Non-Hispanic whites

Last updated
Non-Hispanic whites
White, not Hispanic or Latino
Total population
60.7% of the total U.S. population (2017) [1]
Regions with significant populations
Throughout the United States
Predominantly American English, with local minorities who speak American French (Louisiana, Vermont, Maine, New Hampshire), Pennsylvania German language (Pennsylvania, Ohio, Indiana) and immigrant languages (esp. Russian, Arabic, Italian, Polish and Greek [2] )
Predominantly Christianity; minorities practice Judaism, Islam, and other faiths
Related ethnic groups
European Americans
European diaspora

Non-Hispanic whites (commonly referred to as white Americans), [3] [4] [5] are European Americans, Middle Eastern Americans, and North African Americans as defined by the United States Census Bureau. [6] [7]

European Americans Americans of European descent

European Americans are Americans of European ancestry. This term includes people who are descended from the first European settlers in America as well as people who are descended from more recent European arrivals. European Americans are the largest panethnic group in the United States, both historically and at present.

Middle Eastern Americans are Americans with ancestry, origins, or citizenship from the Middle East.

United States Census Bureau Bureau of the United States responsible for the census and related statistics

The United States Census Bureau is a principal agency of the U.S. Federal Statistical System, responsible for producing data about the American people and economy. The Census Bureau is part of the U.S. Department of Commerce and its director is appointed by the President of the United States.


Americans of European ancestry represent ethnic groups that combined account for more than half of the share of the white population are Germans, Irish, and English.

White people is a racial classification specifier, used mostly and often exclusively for people of European descent; depending on context, nationality, and point of view. The term has at times been expanded to encompass persons of Middle Eastern and North African descent, persons who are often considered non-white in other contexts. The usage of "white people" or a "white race" for a large group of mainly or exclusively European populations, defined by their light skin, among other physical characteristics, and contrasting with "black people", Amerindians, and other "colored" people or "persons of color", originated in the 17th century. It was only during the 19th century that this vague category was transformed in a quasi-scientific system of race and skin color relations. The term "Caucasian" is sometimes used as a synonym for "white" in its racial sense and sometimes to refer to a larger racial category that includes white people among other groups.

German Americans ethnic group

German Americans are Americans who have full or partial German ancestry. With an estimated size of approximately 44 million in 2016, German Americans are the largest of the self-reported ancestry groups by the US Census Bureau in its American Community Survey.. German-Americans account for about one third of the total ethnic German population in the world.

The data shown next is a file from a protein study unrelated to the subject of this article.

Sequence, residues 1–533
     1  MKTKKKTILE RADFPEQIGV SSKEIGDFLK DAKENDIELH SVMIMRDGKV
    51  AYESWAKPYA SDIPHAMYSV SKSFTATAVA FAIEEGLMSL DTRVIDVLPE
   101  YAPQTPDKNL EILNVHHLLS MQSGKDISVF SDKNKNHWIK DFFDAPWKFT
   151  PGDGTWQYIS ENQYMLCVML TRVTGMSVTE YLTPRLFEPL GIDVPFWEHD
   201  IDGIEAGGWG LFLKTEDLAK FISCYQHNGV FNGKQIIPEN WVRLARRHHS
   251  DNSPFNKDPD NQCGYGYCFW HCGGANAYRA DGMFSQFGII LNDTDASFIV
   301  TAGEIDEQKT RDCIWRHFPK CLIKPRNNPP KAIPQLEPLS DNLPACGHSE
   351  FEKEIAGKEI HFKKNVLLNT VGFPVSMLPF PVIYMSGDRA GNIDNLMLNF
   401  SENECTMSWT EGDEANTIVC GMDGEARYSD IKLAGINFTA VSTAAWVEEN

Irish Americans are an ethnic group comprising Americans who have full or partial ancestry from Ireland, especially those who identify with that ancestry, along with their cultural characteristics. About 33 million Americans — 10.5% of the total population — reported Irish ancestry in the 2013 American Community Survey conducted by the U.S. Census Bureau. This compares with a population of 6.7 million on the island of Ireland. Three million people separately identified as Scotch-Irish, whose ancestors were Ulster Protestants who emigrated from Ireland to the United States beginning in the 18th century. However, whether the Scotch-Irish should be considered Irish is disputed.

In the United States, this population was first derived from English (and, to a lesser degree, French) settlement of the Americas, as well as settlement by other Europeans such as the Germans and Dutch that began in the 17th century (see History of the United States). Continued growth since the early 19th century is attributed to sustained very high birth rates alongside relatively low death rates among settlers and natives alike as well as periodically massive immigration from European countries, especially Germany, Ireland, England, Italy, Greece, Sweden and Norway, as well as Poland, Russia, and many more countries. It typically refers to an English-speaking American in distinction to Spanish speakers in Mexico and the Southwestern states; German speakers (Amish) in North Dakota, Ohio, and Pennsylvania; and French speakers in Quebec, [8] New England, and Louisiana [9] .

British colonization of the Americas American Colonies of England and then Great Britain and the United Kingdom

British colonisation of the Americas began in 1607 in Jamestown, Virginia, and reached its peak when colonies had been established throughout the Americas. The English, and later the British, were among the most important colonisers of the Americas, and their American empire came to surpass the Spanish American colonies in military and economic might.